Mohamed Osman Mohamud once called for jihad against the West and said the attacks of Sept. 11 were "awesome." The bomb he hoped would kill thousands, he said, was "beautiful."
Now, he's begging for mercy. "My heart is filled with remorse, shame, sorrow, pain and misery every time I think about my actions on that day," Mohamud wrote in a letter filed in federal court in Oregon and addressed to the judge who will sentence him.
"That day" Mohamud is referring to is Nov. 26, 2010, when he planned to set off a bomb at the crowded annual Christmas tree-lighting in Portland's Pioneer Courthouse Square.
But the 1,800-pound bomb that Mohamud tried to detonate remotely through a cellphone was fake, designed by federal investigators to resemble an actual explosive. The men Mohamud thought were al-Qaida operatives were undercover officers.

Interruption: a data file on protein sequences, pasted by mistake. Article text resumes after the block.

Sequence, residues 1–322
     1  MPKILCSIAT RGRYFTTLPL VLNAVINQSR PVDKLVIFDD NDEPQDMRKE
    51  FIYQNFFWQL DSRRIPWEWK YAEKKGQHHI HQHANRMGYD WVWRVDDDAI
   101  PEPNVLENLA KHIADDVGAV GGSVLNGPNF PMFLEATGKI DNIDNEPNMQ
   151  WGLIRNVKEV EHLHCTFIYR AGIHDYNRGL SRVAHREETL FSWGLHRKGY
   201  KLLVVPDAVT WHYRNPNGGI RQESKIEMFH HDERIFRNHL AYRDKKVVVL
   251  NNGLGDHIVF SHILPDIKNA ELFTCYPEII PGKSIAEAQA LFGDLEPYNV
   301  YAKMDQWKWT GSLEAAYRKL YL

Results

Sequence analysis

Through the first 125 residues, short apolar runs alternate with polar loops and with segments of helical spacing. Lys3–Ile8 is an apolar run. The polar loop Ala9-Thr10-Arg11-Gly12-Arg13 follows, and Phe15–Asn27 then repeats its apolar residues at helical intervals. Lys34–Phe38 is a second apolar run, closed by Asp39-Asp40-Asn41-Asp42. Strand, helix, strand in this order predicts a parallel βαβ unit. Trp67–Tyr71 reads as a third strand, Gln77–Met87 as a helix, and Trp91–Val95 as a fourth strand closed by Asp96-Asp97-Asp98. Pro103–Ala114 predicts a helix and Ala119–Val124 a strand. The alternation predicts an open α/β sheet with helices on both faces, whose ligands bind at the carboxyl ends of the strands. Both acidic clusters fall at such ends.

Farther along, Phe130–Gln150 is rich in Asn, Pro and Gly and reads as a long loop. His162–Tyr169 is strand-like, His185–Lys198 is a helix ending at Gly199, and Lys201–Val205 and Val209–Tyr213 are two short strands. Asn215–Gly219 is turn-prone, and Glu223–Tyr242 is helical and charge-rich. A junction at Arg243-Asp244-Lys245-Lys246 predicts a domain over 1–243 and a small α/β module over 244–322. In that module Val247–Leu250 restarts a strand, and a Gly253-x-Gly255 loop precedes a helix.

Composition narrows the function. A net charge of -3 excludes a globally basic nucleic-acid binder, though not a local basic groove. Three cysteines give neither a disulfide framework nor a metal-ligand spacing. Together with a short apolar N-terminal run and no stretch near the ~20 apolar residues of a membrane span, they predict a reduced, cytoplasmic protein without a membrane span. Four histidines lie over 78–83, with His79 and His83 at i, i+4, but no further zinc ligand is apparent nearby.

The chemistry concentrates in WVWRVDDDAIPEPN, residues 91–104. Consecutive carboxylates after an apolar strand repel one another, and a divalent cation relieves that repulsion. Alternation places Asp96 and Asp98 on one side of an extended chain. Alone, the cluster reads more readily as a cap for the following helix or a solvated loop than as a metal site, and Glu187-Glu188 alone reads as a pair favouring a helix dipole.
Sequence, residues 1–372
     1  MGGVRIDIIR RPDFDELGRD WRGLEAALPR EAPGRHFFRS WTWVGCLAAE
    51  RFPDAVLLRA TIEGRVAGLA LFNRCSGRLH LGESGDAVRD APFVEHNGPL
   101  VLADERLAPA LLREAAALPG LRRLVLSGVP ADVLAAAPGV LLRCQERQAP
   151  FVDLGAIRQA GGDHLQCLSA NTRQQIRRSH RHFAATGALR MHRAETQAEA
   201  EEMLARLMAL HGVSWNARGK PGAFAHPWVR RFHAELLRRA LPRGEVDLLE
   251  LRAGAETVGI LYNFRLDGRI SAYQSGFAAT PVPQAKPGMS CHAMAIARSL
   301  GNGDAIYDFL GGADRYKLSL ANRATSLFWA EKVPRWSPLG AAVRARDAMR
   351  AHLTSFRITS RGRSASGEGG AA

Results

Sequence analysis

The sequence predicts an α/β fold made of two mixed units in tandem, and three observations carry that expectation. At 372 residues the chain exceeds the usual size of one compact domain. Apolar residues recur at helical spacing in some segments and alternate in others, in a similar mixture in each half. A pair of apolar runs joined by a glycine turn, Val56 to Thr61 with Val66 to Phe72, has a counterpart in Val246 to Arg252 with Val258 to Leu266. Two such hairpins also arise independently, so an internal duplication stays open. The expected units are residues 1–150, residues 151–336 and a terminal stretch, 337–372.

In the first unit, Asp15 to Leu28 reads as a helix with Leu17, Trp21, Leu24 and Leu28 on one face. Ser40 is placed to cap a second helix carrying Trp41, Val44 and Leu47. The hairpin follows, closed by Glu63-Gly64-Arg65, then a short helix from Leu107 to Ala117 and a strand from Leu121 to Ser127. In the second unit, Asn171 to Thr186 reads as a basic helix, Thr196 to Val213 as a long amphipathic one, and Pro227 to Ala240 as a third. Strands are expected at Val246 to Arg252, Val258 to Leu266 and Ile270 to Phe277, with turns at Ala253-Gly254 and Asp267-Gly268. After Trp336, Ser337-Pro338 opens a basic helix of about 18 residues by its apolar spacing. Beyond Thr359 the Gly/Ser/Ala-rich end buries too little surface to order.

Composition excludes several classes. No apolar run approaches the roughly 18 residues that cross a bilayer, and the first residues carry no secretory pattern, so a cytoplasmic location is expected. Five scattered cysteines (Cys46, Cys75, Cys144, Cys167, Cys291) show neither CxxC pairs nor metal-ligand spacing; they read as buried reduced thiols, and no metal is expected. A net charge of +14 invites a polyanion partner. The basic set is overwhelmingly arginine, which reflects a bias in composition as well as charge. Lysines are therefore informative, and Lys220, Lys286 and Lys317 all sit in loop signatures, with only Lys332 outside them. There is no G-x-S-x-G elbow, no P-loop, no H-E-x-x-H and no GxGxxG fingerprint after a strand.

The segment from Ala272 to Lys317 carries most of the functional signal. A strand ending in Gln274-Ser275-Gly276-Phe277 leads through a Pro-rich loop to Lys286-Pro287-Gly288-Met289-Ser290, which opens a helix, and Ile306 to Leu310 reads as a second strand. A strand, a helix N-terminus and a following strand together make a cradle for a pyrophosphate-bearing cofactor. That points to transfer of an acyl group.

In January, a jury convicted Mohamud, 22, of attempting to set off a weapon of mass destruction. He faces a sentence of up to life in prison. Prosecutors are requesting a sentence of 40 years, according to court documents. Defense attorneys are asking for 10 years in prison.
The fate of the Somali American from Beaverton is in the hands of U.S. District Judge Garr M. King. Prosecutors are seeking a delay to the Sept. 6 sentencing date. "I can't change what happened," Mohamud said as part of his apology in the undated letter, handwritten on loose-leaf paper and addressed directly to King. "All I can do is try to make myself a better person and give back wherever I can."
Defense attorneys say their client deserves a sentence closer to the minimum mandated by federal law, citing two psychiatric evaluations asserting that Mohamud poses no danger to society and has disavowed radical and violent interpretations of Islam, according to court documents.
But prosecutors, arguing for a longer sentence, have dismissed accusations made by the defense that government investigators entrapped Mohamud.
Mohamud "methodically and resolutely plotted to murder thousands of innocent people in the name of Islamic extremism," prosecutors wrote, disagreeing that impulsiveness or substance abuse played a part.